As someone who has lived through the dangerous times when this country has been at the brink of being torn down by war, I can understand where Malik’s coming from.
Everyone has been waiting for the talk of war to dry up. Everyone is scared.
Through her privilege, Chopra probably hasn’t experienced this terrifying feeling, and her frosty response to Malik made her lack of compassion evident.
“Whenever you’re done venting … got it, done? Okay, cool,” Chopra said, with a taste of condescension. “So, I have many, many friends from Pakistan and I am from India, and war is not something that I am really fond of, but I am patriotic,” she added. She ignored the point Malik was making and disrespectfully continued to be condescending and just plain uncaring.
It was evident that Chopra was taken unawares by Malik’s sudden question. She sputtered out a response that a) completely missed answering Malik’s question and b) was unfairly attacking the woman asking a simple (quite necessary) question.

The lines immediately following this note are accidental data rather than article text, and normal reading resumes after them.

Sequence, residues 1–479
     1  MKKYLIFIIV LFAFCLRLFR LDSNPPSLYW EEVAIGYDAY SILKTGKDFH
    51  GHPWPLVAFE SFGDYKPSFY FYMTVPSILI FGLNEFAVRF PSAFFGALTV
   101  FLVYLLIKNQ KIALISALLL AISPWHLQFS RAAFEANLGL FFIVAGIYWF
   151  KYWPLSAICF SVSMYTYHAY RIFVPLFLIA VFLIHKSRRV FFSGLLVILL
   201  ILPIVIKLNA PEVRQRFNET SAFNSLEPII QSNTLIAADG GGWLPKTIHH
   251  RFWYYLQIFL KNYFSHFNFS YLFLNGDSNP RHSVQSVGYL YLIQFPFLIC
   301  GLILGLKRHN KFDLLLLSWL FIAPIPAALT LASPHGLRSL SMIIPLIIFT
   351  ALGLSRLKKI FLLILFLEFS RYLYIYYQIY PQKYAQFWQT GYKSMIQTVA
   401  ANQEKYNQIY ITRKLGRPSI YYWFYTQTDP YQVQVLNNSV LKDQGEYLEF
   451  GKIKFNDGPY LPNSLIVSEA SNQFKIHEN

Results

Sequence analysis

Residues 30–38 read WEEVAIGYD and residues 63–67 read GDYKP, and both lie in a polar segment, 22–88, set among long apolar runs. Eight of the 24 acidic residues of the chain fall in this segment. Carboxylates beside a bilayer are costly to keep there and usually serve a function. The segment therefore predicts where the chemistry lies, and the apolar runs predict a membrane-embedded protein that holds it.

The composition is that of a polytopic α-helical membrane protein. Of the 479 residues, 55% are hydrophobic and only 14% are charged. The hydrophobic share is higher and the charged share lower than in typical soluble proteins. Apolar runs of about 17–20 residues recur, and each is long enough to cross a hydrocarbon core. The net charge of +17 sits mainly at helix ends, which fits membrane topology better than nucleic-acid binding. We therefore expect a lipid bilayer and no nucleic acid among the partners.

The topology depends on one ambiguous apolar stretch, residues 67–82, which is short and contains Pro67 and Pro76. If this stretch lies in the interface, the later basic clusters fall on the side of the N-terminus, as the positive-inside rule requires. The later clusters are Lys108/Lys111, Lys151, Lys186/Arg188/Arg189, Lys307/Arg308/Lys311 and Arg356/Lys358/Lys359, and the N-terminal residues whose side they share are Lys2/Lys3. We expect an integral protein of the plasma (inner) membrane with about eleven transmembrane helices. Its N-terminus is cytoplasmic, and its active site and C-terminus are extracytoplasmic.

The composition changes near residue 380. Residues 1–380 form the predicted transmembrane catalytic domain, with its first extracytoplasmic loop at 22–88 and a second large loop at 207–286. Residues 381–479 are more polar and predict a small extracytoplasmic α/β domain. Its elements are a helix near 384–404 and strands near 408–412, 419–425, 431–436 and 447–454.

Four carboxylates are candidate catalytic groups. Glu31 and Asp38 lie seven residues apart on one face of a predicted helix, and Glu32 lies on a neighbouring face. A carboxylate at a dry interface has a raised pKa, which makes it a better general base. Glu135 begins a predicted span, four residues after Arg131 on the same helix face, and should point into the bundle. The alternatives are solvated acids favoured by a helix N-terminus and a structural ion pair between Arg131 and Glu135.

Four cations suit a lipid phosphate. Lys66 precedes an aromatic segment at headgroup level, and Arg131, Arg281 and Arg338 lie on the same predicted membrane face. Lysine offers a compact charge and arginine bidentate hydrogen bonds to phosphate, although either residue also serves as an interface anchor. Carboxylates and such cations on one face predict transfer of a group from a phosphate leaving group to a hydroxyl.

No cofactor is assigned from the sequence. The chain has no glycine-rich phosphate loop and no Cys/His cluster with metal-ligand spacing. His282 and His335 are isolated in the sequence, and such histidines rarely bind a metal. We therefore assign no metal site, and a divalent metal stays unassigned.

Malik was still speaking when two men snatched the microphone from her hands, yet she still held her ground and continued.
Since when have asking logical, relevant, and blunt questions become venting?
Next, she accused Malik of yelling at her. If you ask me, yelling is far less outrageous than cheering for a nuclear war that can potentially wipe out all life from the earth. But then again, Malik wasn’t yelling, only asking a question. And if she hadn’t had her mic taken away, she wouldn’t have had to raise her voice. Chopra tried to turn the tables on Malik, but it didn’t quite work out that way.
She didn’t really answer her question. and more importantly, she has made it evident to anyone who didn’t already know that she is not worth supporting.
Being patriotic and walking the middle ground are vague explanations and do not defend her stance of supporting war. The responsibility of promoting peace falls more heavily on her shoulders because she is not only a famous international actress but also a UN’s Goodwill Ambassador.
Malik has since come out on Twitter and accused the Indian actress of gaslighting her and making her look like the “bad guy”, and rightly so.
Hi, I’m the girl that “yelled” at Priyanka Chopra.
It was hard listening to her say, “we should be neighbors and love each other” — swing that advice over to your PM.
Both India and Pakistan were in danger. And instead she tweeted out in favor for nuclear war.